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By Douglas Birch and Douglas Birch,SUN FOREIGN STAFF | February 9, 2003
MOSCOW - Mikhail Y. Shvydkoi, Russia's minister of culture, is entrusted with keeping the flame of Russia's high culture flickering during these turbulent times. The 62-year-old theater scholar is responsible for his nation's most prominent arts institutions, including the Bolshoi Theater in Moscow and the Hermitage Museum and the Russian State Museum in St. Petersburg. He has been named by Art Review magazine as one of the 100 most influential people in the art world. Shvydkoi was invited to visit Baltimore for the Vivat!
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NEWS
By Douglas Birch and Douglas Birch,Sun Staff | August 27, 2006
We moved back from Moscow a year ago, and there are lots of things I miss about the place: the sardonic humor, Baltika beer, the cold snap that comes in late August. But one thing I never expected to feel nostalgic about, and certainly do, is Russian culture's healthy skepticism about the value of always telling the truth. Lies, of course, can be despicable things. But in the West, the gentle art of deception - the flamboyant, shameless or spiritually uplifting stretcher - has long since fallen out of fashion.
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FEATURES
April 7, 1998
Visual magicSpecial effects will mesmerize you at Visual Magic, where the world of computer animations, 3-D graphics and digital eye candy comes to life. The online magazine is produced by visual and special effects artists from around the world, and has info on everything from movies to make-up to cartoons. Follow the bouncing pixel to http://visualmagic.awn.com/ and discover how the filmmakers from "Titanic" created digital humans and other extraordinary effects. You'll also get the lowdown on 3-D scanners, software and killer graphics applications.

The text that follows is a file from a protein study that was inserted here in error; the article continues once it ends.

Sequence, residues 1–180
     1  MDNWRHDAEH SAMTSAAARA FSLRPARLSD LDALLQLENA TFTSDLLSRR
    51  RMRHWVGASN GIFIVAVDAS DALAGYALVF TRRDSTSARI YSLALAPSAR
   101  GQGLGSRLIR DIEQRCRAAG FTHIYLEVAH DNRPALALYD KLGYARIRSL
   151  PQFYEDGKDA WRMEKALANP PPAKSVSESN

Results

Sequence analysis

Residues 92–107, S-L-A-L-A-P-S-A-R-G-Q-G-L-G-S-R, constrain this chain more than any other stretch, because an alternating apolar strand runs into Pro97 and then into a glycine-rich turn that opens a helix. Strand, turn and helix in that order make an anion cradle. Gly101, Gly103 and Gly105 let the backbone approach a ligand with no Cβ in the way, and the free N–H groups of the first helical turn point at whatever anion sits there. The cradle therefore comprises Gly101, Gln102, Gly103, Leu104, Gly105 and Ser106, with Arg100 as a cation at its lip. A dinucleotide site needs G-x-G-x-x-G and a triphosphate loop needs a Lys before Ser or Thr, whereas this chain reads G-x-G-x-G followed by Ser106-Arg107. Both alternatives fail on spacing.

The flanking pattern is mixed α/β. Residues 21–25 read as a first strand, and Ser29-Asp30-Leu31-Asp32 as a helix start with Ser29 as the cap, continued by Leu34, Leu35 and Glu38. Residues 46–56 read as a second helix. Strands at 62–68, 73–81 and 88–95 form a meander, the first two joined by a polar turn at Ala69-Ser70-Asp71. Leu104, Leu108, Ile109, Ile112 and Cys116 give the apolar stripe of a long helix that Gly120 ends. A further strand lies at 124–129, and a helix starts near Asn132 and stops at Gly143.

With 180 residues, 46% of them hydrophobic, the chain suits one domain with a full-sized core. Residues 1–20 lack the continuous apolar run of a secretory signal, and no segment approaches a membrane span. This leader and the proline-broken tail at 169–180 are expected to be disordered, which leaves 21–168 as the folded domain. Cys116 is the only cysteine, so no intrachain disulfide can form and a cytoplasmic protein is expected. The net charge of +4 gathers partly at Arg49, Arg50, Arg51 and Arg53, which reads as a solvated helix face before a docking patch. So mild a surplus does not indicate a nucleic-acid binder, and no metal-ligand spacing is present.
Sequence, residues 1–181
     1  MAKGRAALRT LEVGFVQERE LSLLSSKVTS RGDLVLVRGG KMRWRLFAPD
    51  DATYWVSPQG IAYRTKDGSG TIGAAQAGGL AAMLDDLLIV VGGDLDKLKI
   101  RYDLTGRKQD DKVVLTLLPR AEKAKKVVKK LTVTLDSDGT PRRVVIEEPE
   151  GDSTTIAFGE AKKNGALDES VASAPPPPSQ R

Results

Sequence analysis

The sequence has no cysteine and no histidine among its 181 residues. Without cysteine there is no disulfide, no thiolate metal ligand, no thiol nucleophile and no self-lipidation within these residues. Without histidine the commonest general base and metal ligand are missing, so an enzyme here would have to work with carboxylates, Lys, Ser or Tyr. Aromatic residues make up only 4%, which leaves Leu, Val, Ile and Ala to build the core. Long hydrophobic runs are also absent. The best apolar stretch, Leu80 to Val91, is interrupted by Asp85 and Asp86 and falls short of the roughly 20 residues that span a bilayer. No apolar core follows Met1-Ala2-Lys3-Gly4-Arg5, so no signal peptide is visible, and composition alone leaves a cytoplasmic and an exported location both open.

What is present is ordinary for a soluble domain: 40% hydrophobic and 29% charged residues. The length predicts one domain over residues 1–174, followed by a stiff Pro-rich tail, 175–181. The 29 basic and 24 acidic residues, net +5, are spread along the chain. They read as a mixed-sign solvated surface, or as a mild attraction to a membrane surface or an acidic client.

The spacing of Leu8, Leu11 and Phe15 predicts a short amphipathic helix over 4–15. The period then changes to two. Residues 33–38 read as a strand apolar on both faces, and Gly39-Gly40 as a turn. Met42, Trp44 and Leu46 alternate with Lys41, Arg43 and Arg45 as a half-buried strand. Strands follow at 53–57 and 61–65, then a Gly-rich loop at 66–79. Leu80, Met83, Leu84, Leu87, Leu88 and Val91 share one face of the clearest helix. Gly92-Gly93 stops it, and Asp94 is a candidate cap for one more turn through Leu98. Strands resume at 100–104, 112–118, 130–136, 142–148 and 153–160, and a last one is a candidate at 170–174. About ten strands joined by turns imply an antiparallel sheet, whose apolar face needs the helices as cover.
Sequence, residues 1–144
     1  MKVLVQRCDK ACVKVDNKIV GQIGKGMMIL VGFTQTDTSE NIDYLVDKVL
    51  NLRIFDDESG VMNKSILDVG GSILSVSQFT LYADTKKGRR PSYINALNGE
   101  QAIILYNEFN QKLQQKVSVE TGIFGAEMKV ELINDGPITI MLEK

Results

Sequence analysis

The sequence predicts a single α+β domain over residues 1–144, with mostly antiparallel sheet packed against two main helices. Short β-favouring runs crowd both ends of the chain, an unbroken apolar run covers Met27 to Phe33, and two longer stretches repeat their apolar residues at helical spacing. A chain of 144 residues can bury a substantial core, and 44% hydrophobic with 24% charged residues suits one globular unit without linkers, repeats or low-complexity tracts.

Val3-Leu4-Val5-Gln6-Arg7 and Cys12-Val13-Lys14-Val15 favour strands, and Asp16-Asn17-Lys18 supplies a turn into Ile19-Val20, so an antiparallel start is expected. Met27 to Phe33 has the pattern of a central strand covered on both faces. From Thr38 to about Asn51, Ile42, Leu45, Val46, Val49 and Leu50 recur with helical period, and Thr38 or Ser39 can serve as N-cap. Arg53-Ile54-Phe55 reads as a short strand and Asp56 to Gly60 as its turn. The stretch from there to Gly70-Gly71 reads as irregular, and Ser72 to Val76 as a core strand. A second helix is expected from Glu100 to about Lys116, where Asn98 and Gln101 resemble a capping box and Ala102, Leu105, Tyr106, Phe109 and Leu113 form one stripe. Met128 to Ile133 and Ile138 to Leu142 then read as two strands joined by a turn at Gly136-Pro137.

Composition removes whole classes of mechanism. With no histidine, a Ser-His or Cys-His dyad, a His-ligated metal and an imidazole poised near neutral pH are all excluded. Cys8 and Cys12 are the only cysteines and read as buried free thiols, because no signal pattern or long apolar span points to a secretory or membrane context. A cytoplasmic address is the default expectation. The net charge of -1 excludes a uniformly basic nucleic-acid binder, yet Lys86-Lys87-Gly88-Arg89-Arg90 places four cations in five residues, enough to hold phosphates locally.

NEWS
By ALEX RODRIGUEZ and ALEX RODRIGUEZ,CHICAGO TRIBUNE | April 21, 2006
MOSCOW -- The treatment may seem like alchemy to most, but Elvira Beisebayeva swears by the salves and cure-alls she whipped up on a recent afternoon in the living room of her tiny apartment on the outskirts of Russia's capital. The compress she made from a cabbage leaf, fermented milk and chalk makes breast cysts vanish, she said. A pungent, gray-green goo made from an herb called bur marigold, rubbing alcohol, lanolin and Vaseline subdued the severe psoriasis that had caused her 12-year-old daughter's scalp to bleed.
FEATURES
September 15, 1998
Be a 4Kids DetectiveVisit these Web sites to find the answers, then go to http://www.4Kids.org/detectives/* Which Norseman occupied Kiev in 862?* What year did Alfred the Great rule Wessex?* From which two sources did Terraserver get its images?Live the Russian ExperienceFrom the Rurik Dynasty to Glasnost, you'll experience Russian culture and history like never before at PBS' The Face of Russia Web site. This fascinating journey through 10 centuries of art, architecture, music, dance and cinema reveals the events that shaped Russian culture.
NEWS
By Tanika White and Tanika White,SUN STAFF | October 5, 2003
When Yury Ronzhes arrived in the United States from his home in Krivoy Rog, Ukraine, he was proud of his Jewish heritage, but he knew nothing about the history, traditions or customs of his own religion. Since meeting Rabbi Velvel Belinsky - a Russian-speaking spiritual leader who specializes in helping Russian Jews learn more about Judaism - Ronzhes has taken Jewish-related classes and is happy to be attending Yom Kippur services with his wife and mother-in-law. Millions of Jews around the world will usher in Yom Kippur - the Day of Atonement - with Kol Nidre services at sundown today, starting 25 hours of fasting, prayer and repentance.
ENTERTAINMENT
By Michael Pakenham | December 30, 2001
Kosmos, photographs by Adam Bartos, essay by Svetlana Boym (Princeton Architectural Press, 176 pages, $40). This is a cosmological coffee table book. Mainly, it is 94 astonishingly fine color photographs, all taken between June 1995 and April 1999 at various points in Russia, all having to do with the space program there. Many are at the Baikonur cosmodrome in the Kazakhstan desert, a primary research and launch site of the old Soviet Union's immense space flight efforts. All were taken by Bartos, a distinguished architectural and journalistic photographer from New York.